Ever the optimist, no sad days for a dreamer. . .


1978 Bonneville T140V PX
#500115 - 08/01/13 10:46 pm Re: sad day [Re: scott67TT]  
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John Healy Online content
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Joined: Mar 2005
Posts: 9,971
Boston, Massachusetts
Bobby worked as a mechanic in a California Triumph shop in the 1970's, and developed a love for Triumphs. Being far from home and living hand-to-mouth he could not afford one.

Turn 30 years, one thing-led-to-another, and with a lot of hard work, and some luck, he ends up owning 4 50,000 sq foot warehouses around the country stock full with helmets and the like. Now there are times when helmets fly out the door, and times when they don't. With the economy as it is there have been a lot more of the "when they don't these days."

So instead of laying off his key personnel he trains them to restore, what else, Triumph motorcycles. They do this on days when the phones don't ring. Then one day you look around and there are hundreds of Triumphs that have been brought back to life from piles of junk. But every cup has a brim, to make more room and be able to keep his guys employed, a few are offered.

But don't worry, he is continuing to build more to replace the ones he is selling... So if you hit the megabucks, and there is any oil left in this country when you do, I am sure he would be happy to hitch you up with a new 50 year old Triumph. Do you have any idea how much work it is to keep the tires inflated on 100 plus motorcycles? I suppose its better than being laid off and loosing your health insurance...


#500120 - 08/01/13 11:13 pm Re: sad day [Re: scott67TT]  
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Boomer Online content
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Orygone
Is he hiring?


Boomer
#500123 - 08/01/13 11:40 pm Re: sad day [Re: scott67TT]  
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D.Bachtel Online content
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SLO County, CA
Those guys with the restored bikes that don't run...
I've seen them for years, at shows.
I make it a point to offer up a full price retainer if they'll let me be the test pilot.
I mean what's the worse that can happen? I'll cover any damage. laughing

Really, the start up and tuning involved to make a reliable one kick starter is half the fun of a resurrection and the reward I work for.
It's a satisfaction that can't even be compared to the recognition others may pile on you.

Don in Nipomo


1956 Zundapp KS601EL
1960 Greeves Scottish/Hawkstone Velorex 560
1963 BSA Gold Star Spitfire
1964 Triumph T20SM
1965 BSA C15T
1966 BSA VE
1968 Bonham Tote Gote
1969 BSA VS
1970 BSA A65L (with a "Y")
1972 Husqvarna 450 WR
1986 Yamaha TT 225
1987 BMW K75C
#500127 - 08/02/13 12:15 am Re: sad day [Re: D.Bachtel]  
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JBMorris Online content
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Farmington,Connecticut,USA
Dr. BreachLock,
What would be the shelf- life for all the breaking in and running in fluids that the apprentice restorer used-- besides Red Loctite?

You might have to ask him to re-build it again, just to make sure!
shocked


1978 Bonneville T140V PX
#500128 - 08/02/13 12:26 am Re: sad day [Re: Tiger100]  
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Magnetoman Online content
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Magnetoman  Online Content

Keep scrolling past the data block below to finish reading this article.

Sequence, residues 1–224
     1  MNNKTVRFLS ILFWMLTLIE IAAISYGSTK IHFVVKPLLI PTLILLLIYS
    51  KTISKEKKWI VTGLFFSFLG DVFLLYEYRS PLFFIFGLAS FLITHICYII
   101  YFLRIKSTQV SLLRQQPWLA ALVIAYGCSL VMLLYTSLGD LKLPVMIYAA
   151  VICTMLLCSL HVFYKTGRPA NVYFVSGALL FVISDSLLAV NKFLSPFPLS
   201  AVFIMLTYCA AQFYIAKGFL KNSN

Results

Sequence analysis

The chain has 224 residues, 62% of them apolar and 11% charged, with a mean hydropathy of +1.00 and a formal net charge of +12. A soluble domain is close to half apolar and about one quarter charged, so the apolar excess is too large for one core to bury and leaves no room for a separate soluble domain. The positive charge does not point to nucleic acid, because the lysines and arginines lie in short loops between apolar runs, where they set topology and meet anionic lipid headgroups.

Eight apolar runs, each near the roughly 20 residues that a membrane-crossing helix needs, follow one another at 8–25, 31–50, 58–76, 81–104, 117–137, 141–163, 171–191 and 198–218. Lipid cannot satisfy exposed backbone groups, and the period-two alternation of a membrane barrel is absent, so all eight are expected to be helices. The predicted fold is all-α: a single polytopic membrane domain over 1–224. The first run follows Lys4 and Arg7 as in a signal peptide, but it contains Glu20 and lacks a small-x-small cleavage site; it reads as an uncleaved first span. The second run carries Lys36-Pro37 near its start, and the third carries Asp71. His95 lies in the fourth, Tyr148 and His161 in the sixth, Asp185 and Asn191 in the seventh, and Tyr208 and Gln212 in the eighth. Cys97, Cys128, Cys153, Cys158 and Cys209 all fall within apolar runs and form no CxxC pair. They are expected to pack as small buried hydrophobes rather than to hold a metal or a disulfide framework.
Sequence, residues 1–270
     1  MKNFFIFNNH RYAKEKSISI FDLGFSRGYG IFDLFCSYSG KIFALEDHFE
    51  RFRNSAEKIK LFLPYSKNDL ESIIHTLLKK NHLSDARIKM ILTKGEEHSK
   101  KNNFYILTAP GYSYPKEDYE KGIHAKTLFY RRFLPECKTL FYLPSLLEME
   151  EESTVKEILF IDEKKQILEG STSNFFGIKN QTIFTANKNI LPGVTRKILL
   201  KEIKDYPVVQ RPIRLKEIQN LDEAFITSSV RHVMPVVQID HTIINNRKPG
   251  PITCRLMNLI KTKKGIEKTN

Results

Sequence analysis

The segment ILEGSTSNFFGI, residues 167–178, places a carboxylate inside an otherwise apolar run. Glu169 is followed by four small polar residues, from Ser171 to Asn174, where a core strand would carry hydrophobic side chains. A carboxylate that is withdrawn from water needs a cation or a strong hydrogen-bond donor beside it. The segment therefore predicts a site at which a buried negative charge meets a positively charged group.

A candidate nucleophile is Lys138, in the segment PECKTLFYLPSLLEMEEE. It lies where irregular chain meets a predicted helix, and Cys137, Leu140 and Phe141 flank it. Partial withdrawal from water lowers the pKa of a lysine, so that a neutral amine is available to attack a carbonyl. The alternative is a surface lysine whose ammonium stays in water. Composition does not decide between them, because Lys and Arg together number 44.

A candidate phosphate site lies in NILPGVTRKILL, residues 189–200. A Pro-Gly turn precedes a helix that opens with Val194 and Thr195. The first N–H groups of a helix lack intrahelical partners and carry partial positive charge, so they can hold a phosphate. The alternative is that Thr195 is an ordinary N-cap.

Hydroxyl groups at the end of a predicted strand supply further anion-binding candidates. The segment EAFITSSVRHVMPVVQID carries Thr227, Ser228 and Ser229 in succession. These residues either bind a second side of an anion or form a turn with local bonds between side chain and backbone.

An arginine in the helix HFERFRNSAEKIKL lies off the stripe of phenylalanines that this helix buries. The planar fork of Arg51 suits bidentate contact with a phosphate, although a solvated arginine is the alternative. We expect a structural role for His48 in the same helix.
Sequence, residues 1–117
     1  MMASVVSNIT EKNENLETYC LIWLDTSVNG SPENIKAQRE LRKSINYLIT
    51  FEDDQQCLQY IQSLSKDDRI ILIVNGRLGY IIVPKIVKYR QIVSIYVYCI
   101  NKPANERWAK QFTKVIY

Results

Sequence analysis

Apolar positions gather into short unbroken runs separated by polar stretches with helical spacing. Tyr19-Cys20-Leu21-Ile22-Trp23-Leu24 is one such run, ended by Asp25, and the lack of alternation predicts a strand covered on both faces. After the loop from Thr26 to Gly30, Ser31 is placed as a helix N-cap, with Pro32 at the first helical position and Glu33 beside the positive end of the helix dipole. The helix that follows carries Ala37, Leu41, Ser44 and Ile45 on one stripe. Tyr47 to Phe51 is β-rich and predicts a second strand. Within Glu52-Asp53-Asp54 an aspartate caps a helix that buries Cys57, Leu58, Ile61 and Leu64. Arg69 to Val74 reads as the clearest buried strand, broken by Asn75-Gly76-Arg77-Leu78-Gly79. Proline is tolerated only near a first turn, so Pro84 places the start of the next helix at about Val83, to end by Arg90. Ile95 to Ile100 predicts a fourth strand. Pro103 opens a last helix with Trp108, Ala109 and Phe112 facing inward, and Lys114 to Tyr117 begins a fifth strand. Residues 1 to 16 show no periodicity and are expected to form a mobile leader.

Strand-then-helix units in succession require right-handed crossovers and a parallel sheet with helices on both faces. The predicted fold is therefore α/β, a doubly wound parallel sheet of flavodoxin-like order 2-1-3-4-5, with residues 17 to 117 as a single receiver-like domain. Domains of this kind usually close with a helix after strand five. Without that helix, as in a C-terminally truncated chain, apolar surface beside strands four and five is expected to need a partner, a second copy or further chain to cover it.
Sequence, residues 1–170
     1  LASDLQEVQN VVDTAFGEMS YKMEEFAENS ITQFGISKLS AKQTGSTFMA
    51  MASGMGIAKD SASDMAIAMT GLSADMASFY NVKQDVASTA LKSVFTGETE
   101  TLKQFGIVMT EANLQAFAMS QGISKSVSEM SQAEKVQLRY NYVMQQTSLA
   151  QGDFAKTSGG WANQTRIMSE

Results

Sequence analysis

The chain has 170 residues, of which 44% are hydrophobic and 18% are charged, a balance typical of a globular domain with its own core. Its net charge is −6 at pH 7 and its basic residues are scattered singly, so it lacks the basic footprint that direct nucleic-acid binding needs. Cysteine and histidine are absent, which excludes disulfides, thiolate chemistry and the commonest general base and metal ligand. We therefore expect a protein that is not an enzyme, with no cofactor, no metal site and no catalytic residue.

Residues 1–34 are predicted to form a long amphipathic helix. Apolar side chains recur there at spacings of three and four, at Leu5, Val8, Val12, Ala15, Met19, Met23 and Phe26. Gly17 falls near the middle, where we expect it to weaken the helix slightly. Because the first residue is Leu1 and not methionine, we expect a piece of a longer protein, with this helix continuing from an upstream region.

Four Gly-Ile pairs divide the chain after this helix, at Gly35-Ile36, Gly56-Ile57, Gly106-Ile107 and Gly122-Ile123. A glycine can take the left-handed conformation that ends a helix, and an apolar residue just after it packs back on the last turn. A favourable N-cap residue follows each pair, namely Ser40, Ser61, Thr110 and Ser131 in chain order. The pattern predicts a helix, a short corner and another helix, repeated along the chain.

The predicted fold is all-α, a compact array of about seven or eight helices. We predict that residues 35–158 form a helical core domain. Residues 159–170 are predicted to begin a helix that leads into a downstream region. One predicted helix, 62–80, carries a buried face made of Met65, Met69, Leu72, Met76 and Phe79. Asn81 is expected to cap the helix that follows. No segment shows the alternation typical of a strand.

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U.S.
Originally Posted By: Tiger100
Years ago I often heard about some old bloke over this way that had a 1940s Triumph restored and in a glass display cabinet in his home bar but always thought it was likely a furphy.
I don't know what a "furphy" is, but maybe that's what I have myself. Immediately after it was restored my motorcycle left for fame and glory. Finally, after having been away in museums for several years it was returned to me and, much to the annoyance of my wife, I put it in the entry to our house. Hey, how many people have objects in their house that have been displayed in art museums? Inexplicably, she wasn't impressed with that justification. But, the bike had staked out its territory so there it sat for me to admire every time I came home. Then a couple of years later another museum borrowed it and she suddenly remembered a long-supressed desire to own a piano. Before the motorcycle was returned a piano was sitting in the entryway. I once mentioned that she never played that piano, but without missing a beat she replied that I never rode that motorcycle...

#500146 - 08/02/13 2:44 am Re: sad day [Re: scott67TT]  
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Tiger100 Offline
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Queensland, Australia
Charles that is funny and quite the response I would expect from my own wife!

Sorry, furphy is a rumour. I think it originated with Diggers in WW1 who would receive news and such from the water cart driver. The water tank on the cart was a made by Furphy tanks & hence had the logo on the tank. I'm guessing a lot of the news passed on turned out to be rumours.


Regards

Grant
#500155 - 08/02/13 3:32 am Re: sad day [Re: scott67TT]  
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Boomer Online content
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Orygone
I own a '59 Clubman GS that I built in '83/'84 and raced in about 70 races between '85 and '95. The engine was rebuilt about 20 times, I holed a piston three times, lost a valve seat twice, broke the frame twice. I retired it to the basement by the furnace until last year when it was cleaned up and proudly displayed in the mancave in a prominent position with warm lighting and a bedpan. I think it deserves at least that.

Bill


Boomer
#500158 - 08/02/13 4:17 am Re: sad day [Re: scott67TT]  
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Tiger100 Offline
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Queensland, Australia
Sounds like a well earned rest Boomer!


Regards

Grant